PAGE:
The Foundations of DRTE
(F.T. Davies)

A Brief History of CRC
(Nelms, Hindson)

The Early Days
(John Keys)

CRC's Pioneers


Bits and Pieces


The Alouette Program
The ANIK B Projects
David Florida Laboratory
Defence Communications
Detection Systems
The DRTE Computer
Doppler Navigation
HF Radio Resarch
The ISIS Program
Janet - Meteor Burst Communications
Microwave Fuze
Mobile Radio Data Systems
Prince Albert Radar Lab.
Radar Research
Radio Propagation Studies
Radio Warfare
Search and Rescue Satellite
Solid State Devices
Sounding Rockets
Trail Radio


John Barry - Doppler Navigation
John Belrose - The Early Years
Bert Blevis - The Role of the Ionosphere and Satellite Communications in Canadian Development
Bert Blevis - The Implications of Satellite Technology for Television Broadcasting in Canada
Richard Cobbold - A Short Biography of Norman Moody
Peter Forsyth - the Janet Project
Del Hansen - The RPL Mobile Observatory
Del Hansen - The Prince Albert Radar Laboratory 1958-1963
LeRoy Nelms - DRTE and Canada's Leap into Space
Gerald Poaps' Scrapbook
Radio Research in the Early Years
John Wilson - RPL as I Recall It, 1951-1956



Annual Reports





Mobile Radio Data System (MRDS)

Lou Hatton, 1961

CRC Photo 61-5026

In 1972, Mr. W.L. (Lou) Hatton, Director of Communications System Research and Development proposed that CRC undertake a project based on the concept of government laboratories fostering selected areas of computer/communications technology in Canadian industry.The objectives of the project were:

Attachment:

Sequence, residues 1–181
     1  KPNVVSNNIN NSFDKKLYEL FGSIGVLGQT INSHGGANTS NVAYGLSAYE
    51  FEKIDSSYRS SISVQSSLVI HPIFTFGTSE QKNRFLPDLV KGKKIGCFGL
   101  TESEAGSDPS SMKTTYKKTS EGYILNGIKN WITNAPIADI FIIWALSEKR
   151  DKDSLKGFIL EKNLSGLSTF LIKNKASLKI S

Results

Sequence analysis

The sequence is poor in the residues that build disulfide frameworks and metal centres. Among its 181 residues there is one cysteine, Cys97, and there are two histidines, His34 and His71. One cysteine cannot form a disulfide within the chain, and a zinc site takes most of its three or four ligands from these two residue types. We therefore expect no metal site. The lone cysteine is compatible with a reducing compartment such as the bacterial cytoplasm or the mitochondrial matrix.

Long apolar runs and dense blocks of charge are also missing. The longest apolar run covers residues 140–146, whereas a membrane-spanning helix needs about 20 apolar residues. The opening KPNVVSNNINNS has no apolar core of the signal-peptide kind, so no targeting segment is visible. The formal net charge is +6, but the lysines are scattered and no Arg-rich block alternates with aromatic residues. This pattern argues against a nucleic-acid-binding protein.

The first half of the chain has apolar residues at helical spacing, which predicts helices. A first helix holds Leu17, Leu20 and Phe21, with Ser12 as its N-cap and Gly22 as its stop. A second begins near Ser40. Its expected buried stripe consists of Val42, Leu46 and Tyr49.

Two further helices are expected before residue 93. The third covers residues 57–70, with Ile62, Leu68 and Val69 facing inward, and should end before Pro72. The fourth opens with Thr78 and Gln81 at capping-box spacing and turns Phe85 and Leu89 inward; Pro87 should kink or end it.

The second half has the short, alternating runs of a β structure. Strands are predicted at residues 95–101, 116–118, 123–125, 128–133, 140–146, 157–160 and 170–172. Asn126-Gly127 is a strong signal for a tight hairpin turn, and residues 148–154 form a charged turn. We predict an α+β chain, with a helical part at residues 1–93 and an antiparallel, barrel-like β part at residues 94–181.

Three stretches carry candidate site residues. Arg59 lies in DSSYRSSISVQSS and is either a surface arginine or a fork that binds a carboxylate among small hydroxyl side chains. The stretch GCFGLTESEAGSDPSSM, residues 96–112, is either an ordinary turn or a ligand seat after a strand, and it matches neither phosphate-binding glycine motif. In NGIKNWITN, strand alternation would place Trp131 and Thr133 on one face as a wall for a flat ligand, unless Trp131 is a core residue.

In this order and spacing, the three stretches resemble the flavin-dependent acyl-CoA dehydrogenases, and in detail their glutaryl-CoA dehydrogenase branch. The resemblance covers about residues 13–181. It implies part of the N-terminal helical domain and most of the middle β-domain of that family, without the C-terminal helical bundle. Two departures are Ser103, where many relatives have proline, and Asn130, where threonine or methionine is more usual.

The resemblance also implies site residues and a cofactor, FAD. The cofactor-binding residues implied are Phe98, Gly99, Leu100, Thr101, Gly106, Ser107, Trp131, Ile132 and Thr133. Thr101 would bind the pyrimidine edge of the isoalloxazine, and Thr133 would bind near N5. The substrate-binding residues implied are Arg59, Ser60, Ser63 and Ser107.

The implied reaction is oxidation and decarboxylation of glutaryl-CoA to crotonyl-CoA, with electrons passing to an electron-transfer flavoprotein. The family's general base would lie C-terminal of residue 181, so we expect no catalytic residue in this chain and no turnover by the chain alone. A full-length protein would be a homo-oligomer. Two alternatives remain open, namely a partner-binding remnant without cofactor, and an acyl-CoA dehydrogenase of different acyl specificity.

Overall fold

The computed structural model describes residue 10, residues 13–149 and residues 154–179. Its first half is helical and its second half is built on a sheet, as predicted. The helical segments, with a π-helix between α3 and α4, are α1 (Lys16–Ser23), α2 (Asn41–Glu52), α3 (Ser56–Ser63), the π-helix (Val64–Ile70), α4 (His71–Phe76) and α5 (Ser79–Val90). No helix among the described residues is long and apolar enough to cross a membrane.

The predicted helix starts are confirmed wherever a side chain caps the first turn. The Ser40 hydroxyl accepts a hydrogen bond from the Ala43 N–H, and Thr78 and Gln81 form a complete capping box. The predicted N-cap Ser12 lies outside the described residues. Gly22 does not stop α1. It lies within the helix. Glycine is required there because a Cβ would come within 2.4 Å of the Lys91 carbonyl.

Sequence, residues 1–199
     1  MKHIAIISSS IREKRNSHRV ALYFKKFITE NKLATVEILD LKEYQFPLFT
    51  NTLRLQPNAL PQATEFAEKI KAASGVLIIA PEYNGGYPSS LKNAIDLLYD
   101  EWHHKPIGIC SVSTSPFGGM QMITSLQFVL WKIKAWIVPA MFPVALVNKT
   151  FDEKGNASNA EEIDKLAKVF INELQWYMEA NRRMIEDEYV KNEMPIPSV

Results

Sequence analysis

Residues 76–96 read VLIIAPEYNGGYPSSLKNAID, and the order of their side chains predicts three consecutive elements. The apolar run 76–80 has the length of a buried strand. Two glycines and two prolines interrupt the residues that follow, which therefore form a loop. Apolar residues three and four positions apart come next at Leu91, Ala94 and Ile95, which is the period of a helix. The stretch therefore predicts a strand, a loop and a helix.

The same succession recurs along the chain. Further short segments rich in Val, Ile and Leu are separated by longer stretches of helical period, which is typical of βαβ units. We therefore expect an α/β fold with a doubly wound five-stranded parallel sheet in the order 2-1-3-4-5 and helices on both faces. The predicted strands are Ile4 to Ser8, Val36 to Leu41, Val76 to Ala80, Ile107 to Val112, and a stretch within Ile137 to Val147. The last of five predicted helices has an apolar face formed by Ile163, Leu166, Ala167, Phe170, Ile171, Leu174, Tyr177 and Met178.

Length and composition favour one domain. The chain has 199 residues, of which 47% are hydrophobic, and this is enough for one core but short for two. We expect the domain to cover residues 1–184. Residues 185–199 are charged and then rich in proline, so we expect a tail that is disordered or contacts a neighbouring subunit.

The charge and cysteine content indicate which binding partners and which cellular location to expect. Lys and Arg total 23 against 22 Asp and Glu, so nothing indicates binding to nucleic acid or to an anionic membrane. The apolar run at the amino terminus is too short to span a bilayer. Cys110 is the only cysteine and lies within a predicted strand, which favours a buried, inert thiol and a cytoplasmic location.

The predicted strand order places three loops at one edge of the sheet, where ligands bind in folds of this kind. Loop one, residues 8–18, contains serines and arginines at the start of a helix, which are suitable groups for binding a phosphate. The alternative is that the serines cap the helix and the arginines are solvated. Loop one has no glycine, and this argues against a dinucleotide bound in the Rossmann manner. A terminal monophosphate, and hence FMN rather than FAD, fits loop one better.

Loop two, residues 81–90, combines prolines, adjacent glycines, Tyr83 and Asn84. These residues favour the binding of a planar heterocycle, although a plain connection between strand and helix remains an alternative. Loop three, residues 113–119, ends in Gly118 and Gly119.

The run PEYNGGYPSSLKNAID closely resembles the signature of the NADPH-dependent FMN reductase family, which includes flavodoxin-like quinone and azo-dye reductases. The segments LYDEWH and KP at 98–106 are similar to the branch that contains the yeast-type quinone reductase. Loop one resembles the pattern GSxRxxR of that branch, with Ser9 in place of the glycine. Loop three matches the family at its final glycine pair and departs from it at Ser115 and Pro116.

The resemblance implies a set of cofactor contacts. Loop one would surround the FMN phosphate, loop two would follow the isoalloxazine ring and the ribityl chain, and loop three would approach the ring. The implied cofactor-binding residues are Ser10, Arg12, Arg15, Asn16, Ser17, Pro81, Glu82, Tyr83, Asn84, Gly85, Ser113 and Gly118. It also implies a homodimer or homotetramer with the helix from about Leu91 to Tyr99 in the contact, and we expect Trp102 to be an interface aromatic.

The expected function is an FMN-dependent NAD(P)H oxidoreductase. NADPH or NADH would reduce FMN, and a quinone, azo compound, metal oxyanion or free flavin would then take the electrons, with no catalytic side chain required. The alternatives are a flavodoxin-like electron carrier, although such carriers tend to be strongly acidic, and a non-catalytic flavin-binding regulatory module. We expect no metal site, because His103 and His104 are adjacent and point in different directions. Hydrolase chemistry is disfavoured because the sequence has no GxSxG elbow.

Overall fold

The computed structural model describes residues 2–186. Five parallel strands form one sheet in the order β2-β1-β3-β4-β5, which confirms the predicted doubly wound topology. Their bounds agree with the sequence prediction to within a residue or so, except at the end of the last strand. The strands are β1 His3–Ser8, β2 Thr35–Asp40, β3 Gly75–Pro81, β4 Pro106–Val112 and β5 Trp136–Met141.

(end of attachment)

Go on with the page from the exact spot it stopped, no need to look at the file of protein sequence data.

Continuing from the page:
• To develop a computer based data communication system for mobile units, using radio links.
  • To foster the development and use of advanced communications systems of value to Canadian users, specifically, the use of mobile radio links for data transmission.
  • To provide information of use in the management of radio spectrum and in development of standards.
  • To develop technology which may be transferred to industry, to support the development of the Canadian communications industry.

The project was begun by making several studies to determine the capabilities of the Canadian electronics industry, the user needs and market situation, standards, and the extent and sophistication of technology in use. A market study conducted under contract by Woods, Gordon and Company identified mobile radio data terminals as one of the best areas to address. This choice was doubly appropriate because the department's mandate to manage the use of the spectrum requires an intimate knowledge of developing communications technologies and because CRC had existing expertise in radio communications.

In October 1974, a proposal was reached with the RCMP. In January 1977, a project was launched to develop a system for the Vancouver police department. In January 1979, the mobile radio data system was officially turned over to the Vancouver police force.

The Mobile Radio Data System (MRDS) is a computer based, data communication system for mobile units using radio links. The user (one of a fleet of mobile units) can report his position and status to and/or request information from a central control facility by using a specially designed computer terminal located in the mobile unit.